Each degree of latitude is approximately 69 miles (111 kilometers) apart. The range varies (due to the earth’s slightly ellipsoid shape) from 68.703 miles (110.567 km) at the equator to 69.407 (111.699 km) at the poles. This is convenient because each minute (1/60th of a degree) is approximately one nautical mile.

A degree of longitude is widest at the equator at 69.172 miles (111.321) and gradually shrinks to zero at the poles.

Creole Wrasse Fact: How that pot gets stirred.

Creole Wrasse Fact
Creole Wrasse

Creole wrasseClepticus parrae – are protogynous hermaphrodites; the largest fish in a group is a dominant breeding male, While smaller fish remain female. If the dominant male dies, the largest female changes sex.

Protogyny is the most common form of hermaphroditism in fish in nature. About 75% of the 500 known sequentially hermaphroditic fish species are protogynous.

Wrasses are always on the go during the day, but are the first to go to bed and the last to rise.

Etymology
Clepticus: Greek, kleptikos = ‘related to thieves’

Fly Flying Fish Fly

Flying Fish
Flying Fish

Flying Fish Fact:
Flying fish can reach the height of four feet in the air, and glide distance of 655 ft before returning to the water.

The Exocoetidae are a family of marine fish in the order Beloniformes class Actinopterygii, known colloquially as flying fish. About 64 species. While they cannot fly in the same way as a bird does, flying fish can make powerful, self-propelled leaps out of water where their long wing-like fins enable gliding for considerable distances above the water’s surface. This uncommon ability is a natural defense mechanism to evade predators. The ‘Exocet’ missile is named after them, as variants are launched from underwater, and take a low trajectory, skimming the surface, before striking their prey.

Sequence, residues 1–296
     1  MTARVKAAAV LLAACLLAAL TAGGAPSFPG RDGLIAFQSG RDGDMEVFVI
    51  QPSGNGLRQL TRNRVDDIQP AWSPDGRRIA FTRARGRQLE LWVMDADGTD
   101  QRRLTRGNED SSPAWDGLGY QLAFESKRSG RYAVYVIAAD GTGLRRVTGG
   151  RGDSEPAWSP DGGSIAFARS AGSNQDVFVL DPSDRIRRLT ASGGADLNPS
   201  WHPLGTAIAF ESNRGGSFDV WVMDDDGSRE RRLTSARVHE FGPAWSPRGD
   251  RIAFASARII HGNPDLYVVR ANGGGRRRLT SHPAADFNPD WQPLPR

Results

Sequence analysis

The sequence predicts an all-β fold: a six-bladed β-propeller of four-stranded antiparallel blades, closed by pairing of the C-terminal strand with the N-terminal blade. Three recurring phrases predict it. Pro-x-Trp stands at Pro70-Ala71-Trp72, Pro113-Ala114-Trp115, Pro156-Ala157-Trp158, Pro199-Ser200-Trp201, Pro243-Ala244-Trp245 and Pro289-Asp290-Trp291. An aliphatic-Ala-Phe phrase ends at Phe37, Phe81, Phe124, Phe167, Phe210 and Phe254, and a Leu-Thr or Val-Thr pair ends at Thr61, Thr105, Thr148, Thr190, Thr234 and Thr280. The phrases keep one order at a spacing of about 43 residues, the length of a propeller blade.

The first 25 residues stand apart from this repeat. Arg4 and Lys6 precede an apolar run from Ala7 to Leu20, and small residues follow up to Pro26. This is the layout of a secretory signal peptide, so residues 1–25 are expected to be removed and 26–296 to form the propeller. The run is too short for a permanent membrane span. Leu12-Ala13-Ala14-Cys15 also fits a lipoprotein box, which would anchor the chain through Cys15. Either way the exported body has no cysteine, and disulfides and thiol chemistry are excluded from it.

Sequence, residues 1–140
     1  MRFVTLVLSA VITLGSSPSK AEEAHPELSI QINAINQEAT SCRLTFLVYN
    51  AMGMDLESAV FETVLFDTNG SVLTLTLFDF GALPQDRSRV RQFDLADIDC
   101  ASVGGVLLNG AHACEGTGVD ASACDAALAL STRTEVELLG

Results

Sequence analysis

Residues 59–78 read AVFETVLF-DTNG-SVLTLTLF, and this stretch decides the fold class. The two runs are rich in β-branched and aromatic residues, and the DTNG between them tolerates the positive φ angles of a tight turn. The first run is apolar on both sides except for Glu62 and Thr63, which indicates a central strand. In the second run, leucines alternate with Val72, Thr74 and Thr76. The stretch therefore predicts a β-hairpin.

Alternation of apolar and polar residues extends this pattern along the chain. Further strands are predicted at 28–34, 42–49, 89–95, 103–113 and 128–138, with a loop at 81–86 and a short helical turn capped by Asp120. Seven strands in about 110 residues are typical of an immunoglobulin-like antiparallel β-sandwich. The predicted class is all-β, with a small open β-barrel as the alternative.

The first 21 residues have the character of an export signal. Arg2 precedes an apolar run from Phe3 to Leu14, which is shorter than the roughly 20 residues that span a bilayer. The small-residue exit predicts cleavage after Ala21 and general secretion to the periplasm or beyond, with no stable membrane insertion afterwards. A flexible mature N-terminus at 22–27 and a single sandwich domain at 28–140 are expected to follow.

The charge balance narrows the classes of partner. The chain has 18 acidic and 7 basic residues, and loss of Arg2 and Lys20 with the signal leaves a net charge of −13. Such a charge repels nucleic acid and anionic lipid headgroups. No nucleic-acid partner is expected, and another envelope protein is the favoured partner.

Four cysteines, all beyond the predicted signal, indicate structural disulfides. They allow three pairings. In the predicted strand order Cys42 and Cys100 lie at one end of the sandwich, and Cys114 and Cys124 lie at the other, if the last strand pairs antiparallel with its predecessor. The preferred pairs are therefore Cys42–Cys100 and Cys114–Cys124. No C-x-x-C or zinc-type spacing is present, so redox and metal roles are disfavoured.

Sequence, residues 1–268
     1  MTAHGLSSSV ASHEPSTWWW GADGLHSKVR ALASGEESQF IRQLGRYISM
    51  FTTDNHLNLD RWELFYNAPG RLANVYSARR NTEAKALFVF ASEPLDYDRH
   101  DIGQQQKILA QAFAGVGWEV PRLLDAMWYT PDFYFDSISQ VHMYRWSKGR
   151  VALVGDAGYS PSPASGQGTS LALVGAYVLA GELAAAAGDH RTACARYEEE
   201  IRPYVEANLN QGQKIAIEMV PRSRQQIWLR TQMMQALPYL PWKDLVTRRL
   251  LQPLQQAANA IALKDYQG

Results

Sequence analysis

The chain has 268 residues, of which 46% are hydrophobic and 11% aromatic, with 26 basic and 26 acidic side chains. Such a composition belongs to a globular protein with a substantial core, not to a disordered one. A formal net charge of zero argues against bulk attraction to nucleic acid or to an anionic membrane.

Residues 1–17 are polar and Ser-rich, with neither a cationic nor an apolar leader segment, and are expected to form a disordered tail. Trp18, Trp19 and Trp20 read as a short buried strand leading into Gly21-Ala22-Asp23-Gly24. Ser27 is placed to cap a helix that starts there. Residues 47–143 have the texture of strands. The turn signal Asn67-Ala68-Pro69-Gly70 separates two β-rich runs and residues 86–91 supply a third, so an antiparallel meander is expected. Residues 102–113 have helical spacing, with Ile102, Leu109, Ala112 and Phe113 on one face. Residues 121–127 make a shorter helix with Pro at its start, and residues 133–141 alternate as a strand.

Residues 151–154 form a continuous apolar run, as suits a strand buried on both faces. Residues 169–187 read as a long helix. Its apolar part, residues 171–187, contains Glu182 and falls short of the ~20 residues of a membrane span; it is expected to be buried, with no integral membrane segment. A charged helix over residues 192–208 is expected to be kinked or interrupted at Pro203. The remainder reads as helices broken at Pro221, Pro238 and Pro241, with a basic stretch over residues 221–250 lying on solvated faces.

Etymology
The term Exocoetidae is both the scientific name and the general name in Latin for a flying fish. The suffix -idae, common for indicating a family, follows the root of the Latin word exocoetus, a transliteration of the Ancient Greek name ἐξώκοιτος. This means literally “sleeping outside”, from ἔξω “outside” and κοῖτος “bed”, “resting place”, verb root κει- “to lie down” (not “untruth”), so named as flying fish were believed to leave the water to sleep ashore, or due to flying fish flying and thus stranding themselves in boats.

Conch Frittered to Extinction?

Conch Fact
Conch Fact

Mollusc Fact: 80% of legal internationally traded conch is consumed in fritters and salads in North America. The Queen Conch – Lobatus gigas is an endangered species and has been protected by over-exploitation by C.I.T.E.S.

Update: Conch populations continue to fall even in areas that are protected.
Full Story Here
A more dire story is here National Geographic 

Etymology
Lobatus – Greek lobus -‘hull, husk, pod, lobe’
gigas – Greek γίγας,- ‘giant’ , referring to the large size of this snail compared with almost all other gastropod molluscs.


Director of science and policy for the Bahamas National Trust, believes there may be some pushback against any conch regulations. “We’re not used to regulations or enforcements,” she told National Geographic. She believes that since the conch industry is the sole source of income for many Bahamians, any restrictions may be met with a degree of resistance.

Shelly Cant-Woodside